There are people who talk to their plants in order to get them to grow better. Some of them actually believe that what they say has a genuine affect, others simply think it can’t do any harm and it may do good.
It strikes me that this is very much like people’s attitude to homeopathy; some believe passionately and others think it may be worth a try. Come to think of it, one of the people best known for allegedly talking to plants is also a supporter of homeopathy.
An aside. A few weeks ago I received a request from a homeopath who wanted to use some of the pictures from this site. She promised to acknowledge my copyright and provide links to this site. I replied that I could not give permission because I felt it might be seen as an endorsement for homeopathy. I was very polite and didn’t mock but assumed that would be the end of the matter. Immediately, however, she replied asking could she use them without acknowledgement.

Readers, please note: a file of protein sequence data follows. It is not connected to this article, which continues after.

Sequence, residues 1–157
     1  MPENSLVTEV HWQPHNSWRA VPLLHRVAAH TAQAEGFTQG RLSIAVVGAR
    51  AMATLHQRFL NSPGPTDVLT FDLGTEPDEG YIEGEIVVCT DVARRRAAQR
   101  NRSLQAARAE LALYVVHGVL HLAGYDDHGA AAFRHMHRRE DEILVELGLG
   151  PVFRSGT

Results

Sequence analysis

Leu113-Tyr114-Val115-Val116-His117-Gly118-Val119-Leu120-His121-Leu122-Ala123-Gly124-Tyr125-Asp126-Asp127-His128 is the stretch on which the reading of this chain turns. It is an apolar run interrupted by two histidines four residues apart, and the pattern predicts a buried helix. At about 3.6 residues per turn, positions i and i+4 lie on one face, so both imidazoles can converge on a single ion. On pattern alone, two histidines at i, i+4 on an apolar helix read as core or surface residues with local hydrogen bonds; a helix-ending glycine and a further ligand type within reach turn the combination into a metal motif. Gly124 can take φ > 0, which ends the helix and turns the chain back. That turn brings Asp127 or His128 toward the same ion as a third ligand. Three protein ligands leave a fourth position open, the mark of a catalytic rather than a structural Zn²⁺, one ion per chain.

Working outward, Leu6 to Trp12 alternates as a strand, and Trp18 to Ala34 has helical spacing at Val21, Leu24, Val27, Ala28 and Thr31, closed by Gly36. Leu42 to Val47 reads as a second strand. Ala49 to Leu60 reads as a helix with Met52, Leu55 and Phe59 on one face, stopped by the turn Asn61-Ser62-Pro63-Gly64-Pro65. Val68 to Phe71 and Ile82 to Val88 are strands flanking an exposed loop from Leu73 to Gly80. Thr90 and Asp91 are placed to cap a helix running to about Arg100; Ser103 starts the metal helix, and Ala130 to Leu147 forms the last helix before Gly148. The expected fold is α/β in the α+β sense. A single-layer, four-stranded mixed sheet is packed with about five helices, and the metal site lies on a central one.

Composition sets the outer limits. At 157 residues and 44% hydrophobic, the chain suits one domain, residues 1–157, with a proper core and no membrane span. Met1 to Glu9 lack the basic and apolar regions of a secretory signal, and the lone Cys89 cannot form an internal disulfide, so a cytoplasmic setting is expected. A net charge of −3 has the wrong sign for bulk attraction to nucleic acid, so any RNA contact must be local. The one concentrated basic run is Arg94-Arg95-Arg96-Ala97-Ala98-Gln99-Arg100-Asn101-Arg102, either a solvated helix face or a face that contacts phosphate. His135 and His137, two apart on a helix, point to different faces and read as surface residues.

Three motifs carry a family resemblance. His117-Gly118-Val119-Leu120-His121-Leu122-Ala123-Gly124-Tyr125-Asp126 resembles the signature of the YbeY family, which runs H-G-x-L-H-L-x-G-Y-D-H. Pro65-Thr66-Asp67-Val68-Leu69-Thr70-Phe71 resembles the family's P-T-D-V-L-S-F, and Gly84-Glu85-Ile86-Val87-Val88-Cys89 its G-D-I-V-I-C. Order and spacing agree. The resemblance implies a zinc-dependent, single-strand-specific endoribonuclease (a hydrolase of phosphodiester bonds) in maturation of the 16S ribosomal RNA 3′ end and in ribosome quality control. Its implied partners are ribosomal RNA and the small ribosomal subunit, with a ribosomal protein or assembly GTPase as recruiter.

I almost responded by saying I didn’t understand why a homeopath would want pictures of plants given that plants don’t form any part of homeopathic potions (syn. water) but decided just to ignore her.
Still, back to talking to plants. It is not something I do but, if I did, I would be in the cynical camp telling plants that they’d better do some good growing or they’d end up on the compost heap.
Actually, I’m more of the ‘actions speak louder than words’ type. I wrote last year that my Aconitum napellus, monkshood, had taken to coming up well and then dying off before flowering. Not having the gardening knowledge to do whatever is needed to get them to perform properly, I bought three new plants that flowered very well early in May. As a result, it no longer mattered what happened to the other plants.
This year, two of my three older monkshoods have produced flowers.
There’s been a bit of a race going on between getting the flowers out and the plant dying back but the flowers have just won.
It might be tempting to conclude that my implied threat to the plants had encouraged the older plants to up their game. And, in the past, when superstition had the upper hand over knowledge, that might have been a reasonable thing to do. But, these days, there’s really no excuse for clinging to irrational beliefs.